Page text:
One of the grand daddies of MMO's, Everquest went free to play. It was the first video game I heard tethered to the idea of video game addiction. It was also the first game that, according to rumor caused the end to many relationships as one partner spent so much time playing Everquest the relationship flew apart at the seams. Whereas I had no known proof of this, the stories seemed real enough. It was also coupled with a new concept to me that people could spend "too much" time playing video games. I sort of dismiss that sort of notion now as digital life is all encompassing and one can spend the same if not more time simply reading news articles, looking at Facebook or a Smartphone.

That said, my first throws with this game was largely from a negative "this game will suck your life from your bones" perspective. Needless to say, I totally wanted to lose my life to it, I just never got the opportunity. One reason for that was at the time my wife and I were quite poor and we had no money for the subscription. I was able to flirt with disaster a few times though and I loved every second of it.

I was able to play it a bit over at a friends house that played religiously. He let me create a character and I picked an Elf Necromancer. I remember summoning my pet from bones I collected from killing Skeletons and then hoarding more bones to sell to other players in a stack. Doing those simple things in the game were so awesome and I badly wanted to join the ranks of Everquest players, but it wasn't meant to be. I took out my Everquest angst on Telnet MUD's and spent many an hour huddled around my screen slaying creatures and leveling up in a text based world.

The last few years I have hoped Sony would release Everquest as a Free to Play game and recently noticed my wish came true. The details of how that works are on the Everquest site.

I created a Gnome Wizard and eagerly started the game. Right away I noticed a few things I hadn't before. Early on, there was a bit of BBS / Internet drama about Everquest stealing from MUDs. Some people accused Sony of stealing code from MUDs to make Everquest. I never really understood the argument, Everquest is a 3D game and MUDs are all text. As I played the game now I notice Everquest does draw heavily from MUD's and as such requires much more typing than any new MMO. A staple of modern RPG's / MMO's is to click a NPC to initiate dialog. In Everquest you must type "Hail" and click. Then you have to read the dialog and parse out words you can use to continue the conversation. As I realized these mechanics were central to the game, I remembered the old calls of Everquest "borrowing" from MUD's and the argument made more sense to me.... 13 years later... Not saying Sony actually stole anything, but I understand the argument better now.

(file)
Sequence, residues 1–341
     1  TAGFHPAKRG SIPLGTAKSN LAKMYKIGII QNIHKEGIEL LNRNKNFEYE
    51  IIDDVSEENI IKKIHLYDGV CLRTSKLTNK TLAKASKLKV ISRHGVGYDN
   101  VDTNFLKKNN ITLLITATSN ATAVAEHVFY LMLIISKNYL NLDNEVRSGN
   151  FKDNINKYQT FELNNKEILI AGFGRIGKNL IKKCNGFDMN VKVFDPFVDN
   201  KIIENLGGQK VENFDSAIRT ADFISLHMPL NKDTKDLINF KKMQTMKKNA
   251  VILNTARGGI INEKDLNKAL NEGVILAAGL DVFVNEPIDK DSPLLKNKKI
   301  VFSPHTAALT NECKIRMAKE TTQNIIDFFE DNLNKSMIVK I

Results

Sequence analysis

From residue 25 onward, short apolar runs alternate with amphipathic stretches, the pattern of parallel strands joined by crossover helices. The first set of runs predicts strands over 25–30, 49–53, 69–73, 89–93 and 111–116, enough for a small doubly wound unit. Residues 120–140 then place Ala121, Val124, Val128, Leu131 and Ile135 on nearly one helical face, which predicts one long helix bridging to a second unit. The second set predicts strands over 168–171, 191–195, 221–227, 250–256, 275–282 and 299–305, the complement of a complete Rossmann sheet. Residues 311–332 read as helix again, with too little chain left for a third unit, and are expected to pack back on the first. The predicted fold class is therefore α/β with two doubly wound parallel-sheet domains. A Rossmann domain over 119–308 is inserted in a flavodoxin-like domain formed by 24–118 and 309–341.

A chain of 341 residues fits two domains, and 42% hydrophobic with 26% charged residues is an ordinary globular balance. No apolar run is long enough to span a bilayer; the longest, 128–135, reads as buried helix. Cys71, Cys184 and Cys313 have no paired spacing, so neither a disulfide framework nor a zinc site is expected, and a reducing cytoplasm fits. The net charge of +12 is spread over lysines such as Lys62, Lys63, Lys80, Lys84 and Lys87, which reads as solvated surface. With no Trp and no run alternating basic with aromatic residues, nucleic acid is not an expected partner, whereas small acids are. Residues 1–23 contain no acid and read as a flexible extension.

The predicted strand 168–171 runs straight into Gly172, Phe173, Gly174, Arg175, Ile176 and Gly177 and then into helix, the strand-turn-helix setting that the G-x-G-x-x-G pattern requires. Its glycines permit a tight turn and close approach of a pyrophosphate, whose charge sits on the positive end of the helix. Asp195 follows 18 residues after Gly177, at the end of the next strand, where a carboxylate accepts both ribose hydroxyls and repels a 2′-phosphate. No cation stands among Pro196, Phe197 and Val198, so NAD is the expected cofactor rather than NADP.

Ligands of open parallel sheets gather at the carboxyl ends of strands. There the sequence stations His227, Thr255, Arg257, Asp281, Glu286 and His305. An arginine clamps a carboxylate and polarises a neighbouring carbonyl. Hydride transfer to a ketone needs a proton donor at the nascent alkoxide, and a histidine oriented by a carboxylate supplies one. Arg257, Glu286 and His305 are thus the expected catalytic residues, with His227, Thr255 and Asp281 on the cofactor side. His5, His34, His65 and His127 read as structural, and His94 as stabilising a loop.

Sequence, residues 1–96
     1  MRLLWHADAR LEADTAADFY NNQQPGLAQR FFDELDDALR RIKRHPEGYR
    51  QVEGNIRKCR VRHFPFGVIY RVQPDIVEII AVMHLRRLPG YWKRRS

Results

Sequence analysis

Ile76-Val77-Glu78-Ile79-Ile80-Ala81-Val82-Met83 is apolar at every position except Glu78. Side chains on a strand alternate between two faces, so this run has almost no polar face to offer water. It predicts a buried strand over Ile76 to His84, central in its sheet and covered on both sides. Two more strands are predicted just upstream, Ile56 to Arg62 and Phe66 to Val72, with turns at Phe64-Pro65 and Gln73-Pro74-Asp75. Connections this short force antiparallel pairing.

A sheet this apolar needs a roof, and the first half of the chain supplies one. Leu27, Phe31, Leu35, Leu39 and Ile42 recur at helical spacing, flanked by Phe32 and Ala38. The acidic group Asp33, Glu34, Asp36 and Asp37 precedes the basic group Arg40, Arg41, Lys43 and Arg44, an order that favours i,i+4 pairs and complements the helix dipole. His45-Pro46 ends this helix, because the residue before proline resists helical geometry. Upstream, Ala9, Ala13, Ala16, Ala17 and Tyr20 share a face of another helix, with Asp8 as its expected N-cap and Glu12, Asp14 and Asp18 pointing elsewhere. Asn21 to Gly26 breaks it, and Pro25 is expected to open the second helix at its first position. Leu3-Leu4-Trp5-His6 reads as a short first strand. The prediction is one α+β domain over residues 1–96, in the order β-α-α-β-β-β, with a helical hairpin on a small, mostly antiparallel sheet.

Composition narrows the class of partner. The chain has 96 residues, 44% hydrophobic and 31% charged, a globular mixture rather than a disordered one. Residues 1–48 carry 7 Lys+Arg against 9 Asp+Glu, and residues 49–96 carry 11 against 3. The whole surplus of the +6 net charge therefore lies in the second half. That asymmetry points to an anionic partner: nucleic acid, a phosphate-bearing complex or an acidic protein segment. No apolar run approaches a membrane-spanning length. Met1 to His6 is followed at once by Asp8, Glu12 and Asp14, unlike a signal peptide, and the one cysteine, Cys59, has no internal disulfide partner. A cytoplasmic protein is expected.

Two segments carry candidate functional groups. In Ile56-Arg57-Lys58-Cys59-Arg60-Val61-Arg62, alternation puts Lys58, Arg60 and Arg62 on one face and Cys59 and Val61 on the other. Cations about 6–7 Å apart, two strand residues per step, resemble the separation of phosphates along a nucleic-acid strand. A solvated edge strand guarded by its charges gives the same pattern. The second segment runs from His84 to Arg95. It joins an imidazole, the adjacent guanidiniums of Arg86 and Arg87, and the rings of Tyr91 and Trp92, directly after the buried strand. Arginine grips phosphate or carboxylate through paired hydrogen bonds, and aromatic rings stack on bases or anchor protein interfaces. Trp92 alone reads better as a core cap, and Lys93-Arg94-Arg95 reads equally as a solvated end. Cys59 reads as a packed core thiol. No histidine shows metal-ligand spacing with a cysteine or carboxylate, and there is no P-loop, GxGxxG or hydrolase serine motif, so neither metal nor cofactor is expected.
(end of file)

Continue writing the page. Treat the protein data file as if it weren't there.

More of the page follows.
That all said, if you have never played Everquest or wanted to come back to it after being years apart now is a great time to do that. It is available from download from the Everquest site and is a new entry in Steam under Free to Play.

Gary_Butterfield wrote on 12/15/2012 at 12:47am

You know what's free? Frog Fractions. You know what's fucking rad? Frog Fractions.

jdodson   Admin   Post Author wrote on 12/15/2012 at 12:54am

Wow, Frog Fractions kicks Number Munchers right in the feels.

Gary_Butterfield wrote on 12/16/2012 at 02:04am

Frog Fractions: GOTY.

jdodson   Admin   Post Author wrote on 12/16/2012 at 04:49am

Hopefully they wrap up all the DLC and package it up for a re-release.

Gary_Butterfield wrote on 12/16/2012 at 12:54pm

By the way, that board game store I was talking about is called "Unplugged Games" not "Brick and Mortar Games." Not sure what I was thinking.

jdodson   Admin   Post Author wrote on 12/16/2012 at 02:39pm

Thanks for the clarification. This time I will let it slide... But next time? Horrible consequences.

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